The Singing Wells


The Samburu


The Samburu people are of nilo-hamitic stock related to the Laikipiak Maasai. During the mid-19th century they controlled a very large tract of land stretching all the way from Lake Turkana to Ethiopia. As a result of subsequent warlike clashes with the Turkana and Purko however, they were forced to retreat south to their present day range. There are approximately 1,200 registered families making up the ‘Namunyak’ community where the EARTH crew filmed.

The Samburu and the Elephants: A Mutually Beneficial Relationship


In the evening, elephants and Sarara leopards come to the wells to avail themselves of this water supply in what is a fascinating example of humans and wildlife using the same water source.

In the dry and parched lands of northern Kenya a water source is a valuable asset. When the Samburu dig their wells to water their cattle, they are sustaining not only their cows, but also a huge amount of local wildlife —including herds of elephants.

Between 1977 and 1995 over 30,000 elephants and rhinos were killed by poachers. With all the elephants gone, the Grevy zebras and reticulated giraffe went too. Set up in 1995, the Namunyak Wildlife Conservation Trust was established to bring peace to this troubled region, which the crew visited to film the Singing Wells story. Today 4,000 elephants have returned to the Mathews range. And where there are elephants, the other animals know it is safe to go, and they too are coming home.

However, this is not a one way relationship. There is a huge benefit for the Samburu that the elephants have returned. Elephants play a key role in maintaining the balance of all other species in the community. They pull down trees and break up thorny bushes, which helps to create grasslands for other animals to survive. They create salt licks that are rich in nutrients for other animals. They create trails that act as fire breakers and water run offs. Other animals, including humans, depend on the openings elephants create in the forest and brush. Elephant dung is important to the environment as well. Baboons and birds pick through dung for undigested seeds and nuts, and dung beetles reproduce in these deposits. The nutrient-rich manure replenishes depleted soils so that humans can have a nutrient rich soil to plant crops in. Elephant droppings are also a vehicle for seed dispersal. Some seeds will not germinate unless they have passed through an elephant's digestive system.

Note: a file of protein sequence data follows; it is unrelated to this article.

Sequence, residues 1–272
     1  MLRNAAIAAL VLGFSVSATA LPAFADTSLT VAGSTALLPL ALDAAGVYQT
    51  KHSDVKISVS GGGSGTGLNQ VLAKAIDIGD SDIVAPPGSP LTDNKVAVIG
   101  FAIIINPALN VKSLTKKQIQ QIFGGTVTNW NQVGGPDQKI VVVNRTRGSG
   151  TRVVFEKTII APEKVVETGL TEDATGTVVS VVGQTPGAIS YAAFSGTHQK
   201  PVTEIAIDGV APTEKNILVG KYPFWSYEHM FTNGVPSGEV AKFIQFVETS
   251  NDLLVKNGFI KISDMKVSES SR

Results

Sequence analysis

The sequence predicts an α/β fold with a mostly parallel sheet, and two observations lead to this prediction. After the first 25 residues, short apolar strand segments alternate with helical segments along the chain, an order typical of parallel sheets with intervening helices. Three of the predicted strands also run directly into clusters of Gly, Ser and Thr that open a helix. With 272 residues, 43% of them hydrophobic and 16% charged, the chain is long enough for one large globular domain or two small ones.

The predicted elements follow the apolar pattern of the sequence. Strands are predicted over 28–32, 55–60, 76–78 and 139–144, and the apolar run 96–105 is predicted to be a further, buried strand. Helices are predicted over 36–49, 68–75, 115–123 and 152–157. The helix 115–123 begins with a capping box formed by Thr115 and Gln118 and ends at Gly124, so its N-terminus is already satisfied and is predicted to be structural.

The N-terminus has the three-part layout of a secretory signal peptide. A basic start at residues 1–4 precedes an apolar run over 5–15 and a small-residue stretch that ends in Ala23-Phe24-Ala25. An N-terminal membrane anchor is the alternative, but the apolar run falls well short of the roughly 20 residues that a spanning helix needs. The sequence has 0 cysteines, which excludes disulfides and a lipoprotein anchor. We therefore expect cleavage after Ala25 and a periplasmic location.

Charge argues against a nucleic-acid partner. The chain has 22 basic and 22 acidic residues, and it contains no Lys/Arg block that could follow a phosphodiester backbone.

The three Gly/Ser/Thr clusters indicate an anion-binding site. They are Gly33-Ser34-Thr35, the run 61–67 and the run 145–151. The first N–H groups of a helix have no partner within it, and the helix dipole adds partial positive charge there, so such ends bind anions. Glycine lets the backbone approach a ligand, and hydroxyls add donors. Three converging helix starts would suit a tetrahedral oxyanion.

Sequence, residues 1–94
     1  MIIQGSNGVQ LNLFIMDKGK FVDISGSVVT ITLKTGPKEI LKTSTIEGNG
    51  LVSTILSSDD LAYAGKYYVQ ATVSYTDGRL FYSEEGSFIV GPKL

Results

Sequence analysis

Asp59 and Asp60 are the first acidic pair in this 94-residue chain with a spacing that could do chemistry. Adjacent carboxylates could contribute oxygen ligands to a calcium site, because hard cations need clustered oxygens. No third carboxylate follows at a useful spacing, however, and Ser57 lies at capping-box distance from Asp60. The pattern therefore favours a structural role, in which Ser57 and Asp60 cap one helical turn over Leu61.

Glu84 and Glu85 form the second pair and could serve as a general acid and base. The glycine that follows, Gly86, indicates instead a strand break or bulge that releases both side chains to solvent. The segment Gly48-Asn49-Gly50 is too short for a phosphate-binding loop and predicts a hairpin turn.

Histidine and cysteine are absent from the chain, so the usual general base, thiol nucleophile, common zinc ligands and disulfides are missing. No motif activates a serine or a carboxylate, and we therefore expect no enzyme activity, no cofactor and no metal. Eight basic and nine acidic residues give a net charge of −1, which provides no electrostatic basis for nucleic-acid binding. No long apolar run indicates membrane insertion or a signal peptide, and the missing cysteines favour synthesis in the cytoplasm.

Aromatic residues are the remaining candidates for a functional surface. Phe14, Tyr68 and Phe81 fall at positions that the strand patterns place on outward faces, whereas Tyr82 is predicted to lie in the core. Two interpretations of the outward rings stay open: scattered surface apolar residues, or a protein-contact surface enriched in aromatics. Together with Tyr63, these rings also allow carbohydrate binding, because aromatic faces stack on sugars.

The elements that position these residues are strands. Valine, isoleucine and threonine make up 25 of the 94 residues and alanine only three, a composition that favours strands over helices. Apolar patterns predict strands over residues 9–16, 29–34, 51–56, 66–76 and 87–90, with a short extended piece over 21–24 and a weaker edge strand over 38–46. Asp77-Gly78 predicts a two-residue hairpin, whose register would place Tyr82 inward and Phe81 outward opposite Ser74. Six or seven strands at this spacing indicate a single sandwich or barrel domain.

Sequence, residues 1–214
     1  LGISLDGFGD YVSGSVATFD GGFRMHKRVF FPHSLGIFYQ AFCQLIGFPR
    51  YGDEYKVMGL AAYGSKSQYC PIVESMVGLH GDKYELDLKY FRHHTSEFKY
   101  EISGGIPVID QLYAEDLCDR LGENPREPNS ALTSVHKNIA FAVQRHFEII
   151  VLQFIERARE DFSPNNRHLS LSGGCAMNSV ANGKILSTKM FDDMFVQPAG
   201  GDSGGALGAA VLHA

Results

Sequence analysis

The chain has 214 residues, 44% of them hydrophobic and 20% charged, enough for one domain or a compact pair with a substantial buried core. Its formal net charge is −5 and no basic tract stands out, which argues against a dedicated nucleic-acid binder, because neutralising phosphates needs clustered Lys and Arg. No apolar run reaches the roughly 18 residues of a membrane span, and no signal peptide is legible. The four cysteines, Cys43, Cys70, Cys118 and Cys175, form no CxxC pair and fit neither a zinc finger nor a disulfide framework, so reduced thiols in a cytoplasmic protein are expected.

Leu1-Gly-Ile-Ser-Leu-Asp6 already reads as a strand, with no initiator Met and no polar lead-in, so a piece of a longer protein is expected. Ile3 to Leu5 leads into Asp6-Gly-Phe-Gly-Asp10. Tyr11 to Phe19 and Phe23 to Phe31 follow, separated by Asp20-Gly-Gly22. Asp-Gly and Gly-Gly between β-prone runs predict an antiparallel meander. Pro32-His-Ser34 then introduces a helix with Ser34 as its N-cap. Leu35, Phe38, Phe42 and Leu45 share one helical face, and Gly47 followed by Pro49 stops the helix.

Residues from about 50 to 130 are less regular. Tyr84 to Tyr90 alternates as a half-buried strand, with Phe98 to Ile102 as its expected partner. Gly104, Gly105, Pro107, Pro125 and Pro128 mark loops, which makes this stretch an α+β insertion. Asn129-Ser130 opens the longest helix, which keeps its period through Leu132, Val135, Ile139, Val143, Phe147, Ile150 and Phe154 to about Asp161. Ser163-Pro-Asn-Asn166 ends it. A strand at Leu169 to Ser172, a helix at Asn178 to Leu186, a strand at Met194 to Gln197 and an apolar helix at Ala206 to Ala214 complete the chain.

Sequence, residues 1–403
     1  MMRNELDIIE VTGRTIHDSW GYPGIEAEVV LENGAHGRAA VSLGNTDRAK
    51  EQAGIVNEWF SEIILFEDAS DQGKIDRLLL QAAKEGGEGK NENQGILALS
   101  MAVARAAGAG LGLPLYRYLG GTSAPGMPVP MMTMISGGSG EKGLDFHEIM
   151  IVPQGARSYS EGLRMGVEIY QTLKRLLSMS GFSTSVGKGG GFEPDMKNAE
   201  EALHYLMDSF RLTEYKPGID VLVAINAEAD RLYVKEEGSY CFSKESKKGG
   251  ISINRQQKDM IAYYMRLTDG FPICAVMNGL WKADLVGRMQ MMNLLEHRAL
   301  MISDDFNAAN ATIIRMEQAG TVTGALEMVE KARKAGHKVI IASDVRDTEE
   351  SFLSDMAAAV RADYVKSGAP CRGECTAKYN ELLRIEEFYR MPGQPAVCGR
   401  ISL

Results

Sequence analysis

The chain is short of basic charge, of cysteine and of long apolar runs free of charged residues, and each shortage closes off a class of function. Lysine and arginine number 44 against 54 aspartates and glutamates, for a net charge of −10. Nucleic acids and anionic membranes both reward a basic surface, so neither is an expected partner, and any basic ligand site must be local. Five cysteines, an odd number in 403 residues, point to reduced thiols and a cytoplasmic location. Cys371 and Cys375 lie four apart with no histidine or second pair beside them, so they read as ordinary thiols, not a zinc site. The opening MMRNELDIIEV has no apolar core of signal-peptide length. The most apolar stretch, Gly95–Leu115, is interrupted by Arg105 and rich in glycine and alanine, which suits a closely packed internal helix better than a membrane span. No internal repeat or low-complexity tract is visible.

Sarara means meeting place in Samburu, and at the singing wells all the different families from the area come to meet and share stories and pass on messages, as well as to water their livestock. Amidst the light, colour, dust, bells, singing and naked Samburu, the scene is almost biblical in that it has remained unchanged for centuries.

This doesn't mean the Samburu are oblivious to the modern world! Watch the video below to see Sanjayan get snapped on camera by the local tribesmen.

EARTH A New Wild Sanjayan Gets Snapped Sanjayan, host of EARTH A New Wild, is photographed by a Samburu tribesman.

The Singing Wells

Samburu Singing Wells Songs

The Samburu singing wells are an age old tradition of the of the local people bringing their livestock to water in a semi desert environment with an evening changing of the guard, which sees wildlife pour in to use the same water source. During the dry season, Samburu families take their family herd of cattle to the singing wells where they dig for water to fill up troughs to water their cows. Each family owns one well. They sing to their livestock as they dig, and the cows recognize their family song and come down to their well to be watered. The differences between each family's song is sometimes clear but can be very subtle. Listen to the different songs to see if you could tell them apart if you were desperate for a drink.

Samburu and the Elephants Quiz

Samburu and the Elephants Quiz

You’ve learned about the Samburu, so now test your smarts!

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